As indicated above, FDI regimes differ widely between jurisdictions. For instance, in the European Union, FDI screening remains national, with a patchwork of Member States' laws. Hence, filing thresholds, sensitive sectors, review timelines, etc. differ from Member State to Member State. However, under the so-called cooperation mechanism Member States notify the European Commission and other Member States of foreign investments in their own jurisdiction. As a result, it is possible to observe foreign investment activities across the European Union and share any concerns. In North America, by contrast, the U.S., Canada, and Mexico, each have their own laws. In the U.S., there has been a rise in filings and transactions requiring mitigation, with the Biden administration issuing new guidance and penalty guidelines.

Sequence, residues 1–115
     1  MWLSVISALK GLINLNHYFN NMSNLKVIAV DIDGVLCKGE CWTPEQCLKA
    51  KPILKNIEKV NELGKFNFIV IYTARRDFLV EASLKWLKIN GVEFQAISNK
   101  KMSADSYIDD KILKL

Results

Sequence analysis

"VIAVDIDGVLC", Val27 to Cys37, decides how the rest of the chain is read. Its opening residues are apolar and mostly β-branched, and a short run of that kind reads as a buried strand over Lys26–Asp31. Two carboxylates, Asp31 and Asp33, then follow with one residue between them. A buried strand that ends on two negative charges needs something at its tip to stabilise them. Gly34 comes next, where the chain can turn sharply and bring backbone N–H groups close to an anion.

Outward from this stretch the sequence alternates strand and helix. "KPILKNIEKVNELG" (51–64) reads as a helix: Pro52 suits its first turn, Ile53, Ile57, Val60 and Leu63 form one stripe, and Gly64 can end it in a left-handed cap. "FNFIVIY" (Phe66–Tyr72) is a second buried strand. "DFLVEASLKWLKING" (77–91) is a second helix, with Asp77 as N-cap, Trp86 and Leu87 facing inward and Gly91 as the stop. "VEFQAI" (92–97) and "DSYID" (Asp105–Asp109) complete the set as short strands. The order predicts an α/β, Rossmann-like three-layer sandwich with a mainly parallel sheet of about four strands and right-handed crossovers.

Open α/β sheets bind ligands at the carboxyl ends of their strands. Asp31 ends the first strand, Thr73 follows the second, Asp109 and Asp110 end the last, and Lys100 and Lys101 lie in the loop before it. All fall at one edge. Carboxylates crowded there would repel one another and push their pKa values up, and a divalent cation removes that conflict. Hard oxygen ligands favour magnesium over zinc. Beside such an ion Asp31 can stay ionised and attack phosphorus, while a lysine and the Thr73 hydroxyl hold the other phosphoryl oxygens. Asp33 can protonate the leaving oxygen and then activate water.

Because of these jurisdictional differences and often (still) unclear regulations , filing assessments involve legal uncertainties. As many FDI regulators have ex-officio powers to “call-in” and screen foreign investments (even if a filing is not mandatory and after closing), voluntary or precautionary filings are common to manage the regulatory risk for the transaction parties. Among the main areas of uncertainties are notably the exact scope of the sensitive sectors, the type of transactions caught (share deals, but often also certain asset deals, e.g., with respect to employees, R&D activities, certain IP rights, branches / offices, etc.) and the relevant investment thresholds. With respect to the investment thresholds, it is important to note that even very small transactions can trigger a mandatory filing in certain jurisdictions. For share deals, as a rule of thumb, investments of 10 % in (voting) shares or more may trigger a filing (lower thresholds exist, e.g., for defense activities). Also, special governance rights can trigger a filing (e.g., veto rights, golden shares, appointment of directors), even if the investment is far below 10 %. For asset deals, filing triggers differ more across jurisdictions. Lastly, value thresholds (monetary de minimis exemptions) are rare, but exist.